Claire McCardell’s (1905-1958) first important job in fashion was as an assistant to designer Robert Turk from 1929-1931. In 1931 she went to Townley Frocks as an assistant to Robert Turk when he was given the job of head designer. When he died in an accident, McCardell was given the job of finishing the fall 1932 line. The designs were a moderate success and McCardell was given the job of head designer.
During these first years at Townley, McCardell began to develop what she referred to as “McCardellisms” – the signature touches that she turned to again and again: bias cutting, metal hook fasteners, wrap tie fasteners, and asymmetrical closings. The Townley Frocks label of the 1930s says “Townley Frocks” and has a picture of a woman golfer swinging her club.
Her first huge success came in the fall of 1938. This was her Monastic dress, a dress that had no front, back, or waistline and that tied to suit the wearer. This dress was originally produced for Best & Co., who marketed the dress as the Nada Frock. Its success led to its inclusion in the Townley line.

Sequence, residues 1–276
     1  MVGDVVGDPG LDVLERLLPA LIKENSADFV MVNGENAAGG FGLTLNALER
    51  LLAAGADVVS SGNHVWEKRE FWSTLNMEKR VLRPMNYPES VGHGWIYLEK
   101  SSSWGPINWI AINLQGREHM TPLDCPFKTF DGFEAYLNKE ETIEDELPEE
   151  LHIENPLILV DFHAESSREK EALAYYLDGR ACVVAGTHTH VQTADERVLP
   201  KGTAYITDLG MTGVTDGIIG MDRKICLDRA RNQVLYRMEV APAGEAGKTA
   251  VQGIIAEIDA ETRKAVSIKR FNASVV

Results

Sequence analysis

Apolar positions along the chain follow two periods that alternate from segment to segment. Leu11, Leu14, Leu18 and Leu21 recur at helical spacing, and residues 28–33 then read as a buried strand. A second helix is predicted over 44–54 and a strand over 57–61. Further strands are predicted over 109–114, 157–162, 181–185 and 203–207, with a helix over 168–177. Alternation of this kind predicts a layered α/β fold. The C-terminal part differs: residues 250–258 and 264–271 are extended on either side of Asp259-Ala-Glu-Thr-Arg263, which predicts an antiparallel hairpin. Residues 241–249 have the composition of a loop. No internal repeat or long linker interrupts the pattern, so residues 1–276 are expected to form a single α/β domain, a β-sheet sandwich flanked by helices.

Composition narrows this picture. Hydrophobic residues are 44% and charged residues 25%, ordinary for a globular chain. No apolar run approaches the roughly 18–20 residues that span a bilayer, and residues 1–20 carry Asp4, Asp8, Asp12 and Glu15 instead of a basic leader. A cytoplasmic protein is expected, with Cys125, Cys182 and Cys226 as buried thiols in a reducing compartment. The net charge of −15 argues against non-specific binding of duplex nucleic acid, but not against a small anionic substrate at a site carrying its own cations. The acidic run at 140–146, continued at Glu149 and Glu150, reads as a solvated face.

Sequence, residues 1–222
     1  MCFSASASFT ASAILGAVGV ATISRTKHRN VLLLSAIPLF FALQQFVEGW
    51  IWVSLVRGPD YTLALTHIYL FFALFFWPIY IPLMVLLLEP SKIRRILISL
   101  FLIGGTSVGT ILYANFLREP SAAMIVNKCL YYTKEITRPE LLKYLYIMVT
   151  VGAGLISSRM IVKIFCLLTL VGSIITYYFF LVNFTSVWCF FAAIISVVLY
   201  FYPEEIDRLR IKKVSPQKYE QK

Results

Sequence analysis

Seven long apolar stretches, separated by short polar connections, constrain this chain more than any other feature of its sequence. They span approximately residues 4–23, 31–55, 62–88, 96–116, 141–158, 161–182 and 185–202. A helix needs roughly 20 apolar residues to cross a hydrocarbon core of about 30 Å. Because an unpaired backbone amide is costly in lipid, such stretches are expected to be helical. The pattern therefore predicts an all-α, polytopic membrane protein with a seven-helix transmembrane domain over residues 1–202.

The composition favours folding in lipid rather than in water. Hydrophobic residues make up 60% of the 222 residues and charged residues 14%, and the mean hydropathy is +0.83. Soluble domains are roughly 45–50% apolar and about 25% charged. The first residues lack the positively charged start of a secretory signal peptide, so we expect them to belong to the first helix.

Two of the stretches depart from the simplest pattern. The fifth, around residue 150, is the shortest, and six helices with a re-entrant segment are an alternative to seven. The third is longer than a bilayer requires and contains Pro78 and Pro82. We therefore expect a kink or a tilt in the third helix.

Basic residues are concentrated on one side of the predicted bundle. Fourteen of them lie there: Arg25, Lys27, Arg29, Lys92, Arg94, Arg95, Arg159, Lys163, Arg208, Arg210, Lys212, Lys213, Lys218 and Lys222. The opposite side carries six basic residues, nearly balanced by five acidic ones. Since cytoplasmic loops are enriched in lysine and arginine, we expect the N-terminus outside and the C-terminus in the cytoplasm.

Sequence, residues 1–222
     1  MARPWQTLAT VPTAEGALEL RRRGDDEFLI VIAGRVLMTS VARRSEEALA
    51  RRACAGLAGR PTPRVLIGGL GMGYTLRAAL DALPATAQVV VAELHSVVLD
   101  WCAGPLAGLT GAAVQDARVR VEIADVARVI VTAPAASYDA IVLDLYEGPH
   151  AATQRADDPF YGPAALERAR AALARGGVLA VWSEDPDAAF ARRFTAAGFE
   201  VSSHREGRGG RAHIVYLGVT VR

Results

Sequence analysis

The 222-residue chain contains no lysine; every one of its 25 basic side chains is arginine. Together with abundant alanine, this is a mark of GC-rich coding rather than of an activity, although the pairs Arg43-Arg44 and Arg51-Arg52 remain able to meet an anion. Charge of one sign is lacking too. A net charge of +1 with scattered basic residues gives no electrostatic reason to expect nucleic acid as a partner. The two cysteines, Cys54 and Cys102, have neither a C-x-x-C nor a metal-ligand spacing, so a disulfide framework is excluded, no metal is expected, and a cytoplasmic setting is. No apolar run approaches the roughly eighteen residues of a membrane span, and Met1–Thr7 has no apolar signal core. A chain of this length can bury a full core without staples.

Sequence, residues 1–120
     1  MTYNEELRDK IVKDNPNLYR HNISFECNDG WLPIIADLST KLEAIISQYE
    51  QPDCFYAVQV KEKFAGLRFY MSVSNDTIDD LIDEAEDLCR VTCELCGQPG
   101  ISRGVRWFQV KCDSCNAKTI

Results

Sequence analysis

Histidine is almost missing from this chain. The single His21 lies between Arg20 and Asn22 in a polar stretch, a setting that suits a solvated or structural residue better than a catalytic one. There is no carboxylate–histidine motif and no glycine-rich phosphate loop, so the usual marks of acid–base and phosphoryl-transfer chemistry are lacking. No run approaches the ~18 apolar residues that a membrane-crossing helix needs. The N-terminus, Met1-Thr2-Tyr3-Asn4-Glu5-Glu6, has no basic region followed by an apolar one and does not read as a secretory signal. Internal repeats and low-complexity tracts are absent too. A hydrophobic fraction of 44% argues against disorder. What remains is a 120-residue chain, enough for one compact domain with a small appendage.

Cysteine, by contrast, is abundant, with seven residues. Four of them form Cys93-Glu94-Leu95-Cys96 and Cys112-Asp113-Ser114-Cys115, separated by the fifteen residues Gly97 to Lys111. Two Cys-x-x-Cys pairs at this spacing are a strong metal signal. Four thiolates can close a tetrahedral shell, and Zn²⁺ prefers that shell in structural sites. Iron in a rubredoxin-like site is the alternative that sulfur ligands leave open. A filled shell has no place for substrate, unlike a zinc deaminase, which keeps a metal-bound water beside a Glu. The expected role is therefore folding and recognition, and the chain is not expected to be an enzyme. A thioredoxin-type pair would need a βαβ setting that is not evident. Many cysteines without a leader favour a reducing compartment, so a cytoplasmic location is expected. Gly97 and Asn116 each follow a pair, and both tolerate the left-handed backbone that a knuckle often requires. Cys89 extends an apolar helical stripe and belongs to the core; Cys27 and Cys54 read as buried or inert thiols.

Because of financial and legal problems (due in part to the rampant copying of the Nada Frock), Townley was forced to close in 1938. McCardell was offered a job at Hattie Carnegie, designing a line called Workshop Originals. McCardell’s casual style did not mesh well with the more glamorous Hattie Carnegie image, so she left in 1940. She went to work for Win-Sum, a line of low-cost clothing.
Townley reorganized and reopened in 1941. McCardell was made head designer at Townley under the condition that her name be put on the label. She stayed there until her death in 1958. During that time, McCardell became recognized as a true American original. In 1955 Time magazine did a cover feature on McCardell. In the article, Stanley Marcus was quoted as saying, “She is one of the few creative designers this country has ever produced.”
Many of McCardell’s designs have a timeless quality. This was because she was not trying to reinvent the dress twice a year, but, rather, she kept the design ideas that worked for her and that were comfortable and versatile.
“I’ve always designed things I needed myself. It just turns out that other people need them too.” Claire McCardell, 1955
Label Note: In 1996 a New York company produced a line of clothing labeled “Claire McCardell.” This practice was challenged by the McCardell family and the company, which had closed anyway, agreed to stop production. See last label.
Written by Lizzie Bramlett, fuzzylizzie.com